McCoy: Reds shuffle lineup, pound Pirates

After much teeth-gnashing from fans on social media, Cincinnati Reds manager David Bell finally acquiesced and reconstructed his batting order Friday night in PNC Park.

He removed Elly De La Cruz from the leadoff position and replaced him with TJ Friedl and dropped De La Cruz to third.

Did it work? Did it ever. Cincinnati Reds 9, Pittsburgh Pirates 2.

Friedl produced two walks, a single, scored twice and drove in a run. De La Cruz contributed a triple, a single, drove in three and scored a run.

And the Reds returned to their style that was so successful before the All-Star break. They punched 11 hits that included eight singles, one double, one triple and one home run.

The batting order shuffle paid an instant positive result, three runs in the first inning against Pirates starter Johan Oviedo.

Oviedo was 4-11, but had won his previous three starts and given up two earned runs in 20 innings.

Friedl did what good leadoff hitters do. He worked Oviedo for a full-count walk to open the game. Matt McLain, lifted from third to second in the order, singled to center.

De La Cruz, who batted .207 and struck out 40 percent of the time while batting leadoff, pulled a two-run triple to right. Spencer Steer singled and it was 3-0 before Oviedo recorded an out.

And the bottom of the order contributed, too. Stuart Fairchild was hit by a pitch with one out in the fourth, one of three batters Oviedo plunked.

Number eight hitter Will Benson singled and number nine hitter/catcher Luke Maile crushed a 410-foot three-run home run into the Reds bullpen in left center field. It was his fifth homer and the Reds’ No. 3 catcher is 11 for his last 29.

“He (Oviedo) was pitching us inside the first few innings, and he doubled up on it and I was able to put a good swing on it,” said Maile to Bally Sports Ohio during a post-game interview.

While the Reds were having fun with the new batting order, starting pitcher Andrew Abbott was celebrating a return to effectiveness after two straight struggle games.

For five innings, the left-handed rookie held the Pirates to one weak infield hit. He retired the first two in the sixth, then ‘Ke’Bryan Hayes homered, Bryan Reynolds doubled and Andrew McCutchen singled to cut Cincinnati’s lead to 6-2.

That was it for Abbott, his fuel tank obviously on ‘E.’ He was replaced by Derek Law, who promptly gave up a single to Connor Joe, putting two runners aboard.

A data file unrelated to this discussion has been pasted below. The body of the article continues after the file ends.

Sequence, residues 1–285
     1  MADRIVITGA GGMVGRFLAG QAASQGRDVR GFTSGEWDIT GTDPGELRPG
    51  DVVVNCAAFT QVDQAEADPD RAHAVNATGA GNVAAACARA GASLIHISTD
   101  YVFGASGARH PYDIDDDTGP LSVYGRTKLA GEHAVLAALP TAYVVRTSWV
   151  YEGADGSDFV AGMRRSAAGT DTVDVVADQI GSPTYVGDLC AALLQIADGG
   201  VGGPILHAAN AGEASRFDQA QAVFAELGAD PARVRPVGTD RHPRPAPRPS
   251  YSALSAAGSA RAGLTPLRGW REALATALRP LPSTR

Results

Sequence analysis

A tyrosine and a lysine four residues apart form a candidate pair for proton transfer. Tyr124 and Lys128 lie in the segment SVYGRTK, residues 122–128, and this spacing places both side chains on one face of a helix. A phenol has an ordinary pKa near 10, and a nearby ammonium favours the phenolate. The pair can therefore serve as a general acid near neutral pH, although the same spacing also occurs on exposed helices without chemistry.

Law snuffed the rally by getting Henry Davis on a ground ball.

Abbott pitched 5 2/3 innings and gave up two runs, four hits, walked none and struck out seven, improving his record to 7-3.

“The difference (for Abbott) from his last couple of outings was that he just had his fastball command,” said Maile. “When he has his fastball really, really where he wants to it makes all the other stuff much better. The change-up showed that tonight.”

Oviedo’s line was ugly — five innings, six runs, five hits, two walks, four strikeouts, three hit batsmen, a wild pitch and a home run.

The Friedl/De La Cruz batting order adjustment helped the Reds tuck it away in the eighth with three runs.

Stuart Fairchild led off with a single and Benson singled, his third hit. Maile bunted the runners to third and second.

Friedl singled for a run and De La Cruz singled for the seventh run and Spencer Steer singled to make it 9-2.

Beating the Pirates has not been easy for the Reds. They had lost seven straight in PNC Park. They lost four straight in PNC Park in April and scored six runs.

The Pirates were a shocking story early in the season and occupied first place in the National League Central for 33 days. The Reds sat in first place 32 days.

Pittsburgh, though, took a nosedive and toppled to fourth place and at the trade deadline five high-profile players were sent packing via trades.

While the Reds were plundering the Pirates, the Chicago Cubs beat the Toronto Blue Jays and remained in a virtual tie with the Reds for second place in the National League Central.

Before the game, the Reds announced that Jonathan India suffered a setback on his recover road back from a foot problem and most likely won’t return until September.

And the team optioned Nick Senzel to Class AAA Louisville and recalled Henry Ramos, who hit a 495-foot home run for the Bats on Thursday.

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